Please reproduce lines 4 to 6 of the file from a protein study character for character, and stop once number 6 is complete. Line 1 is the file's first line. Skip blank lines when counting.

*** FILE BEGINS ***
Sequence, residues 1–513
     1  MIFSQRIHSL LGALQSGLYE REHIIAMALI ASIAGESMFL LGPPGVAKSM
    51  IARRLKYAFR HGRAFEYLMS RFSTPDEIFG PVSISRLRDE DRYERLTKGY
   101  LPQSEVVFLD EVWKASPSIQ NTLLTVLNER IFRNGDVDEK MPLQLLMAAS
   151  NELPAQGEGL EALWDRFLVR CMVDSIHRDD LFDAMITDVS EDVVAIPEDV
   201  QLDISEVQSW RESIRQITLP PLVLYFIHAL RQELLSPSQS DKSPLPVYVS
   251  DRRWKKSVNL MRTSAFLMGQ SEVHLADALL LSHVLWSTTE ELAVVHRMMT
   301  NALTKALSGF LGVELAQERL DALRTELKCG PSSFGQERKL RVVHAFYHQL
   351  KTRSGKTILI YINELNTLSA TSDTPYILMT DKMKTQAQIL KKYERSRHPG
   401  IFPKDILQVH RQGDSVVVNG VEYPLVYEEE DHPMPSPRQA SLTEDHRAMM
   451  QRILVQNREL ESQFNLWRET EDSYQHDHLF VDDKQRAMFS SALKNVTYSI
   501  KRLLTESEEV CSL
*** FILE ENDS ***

   101  LPQSEVVFLD EVWKASPSIQ NTLLTVLNER IFRNGDVDEK MPLQLLMAAS
   151  NELPAQGEGL EALWDRFLVR CMVDSIHRDD LFDAMITDVS EDVVAIPEDV
   201  QLDISEVQSW RESIRQITLP PLVLYFIHAL RQELLSPSQS DKSPLPVYVS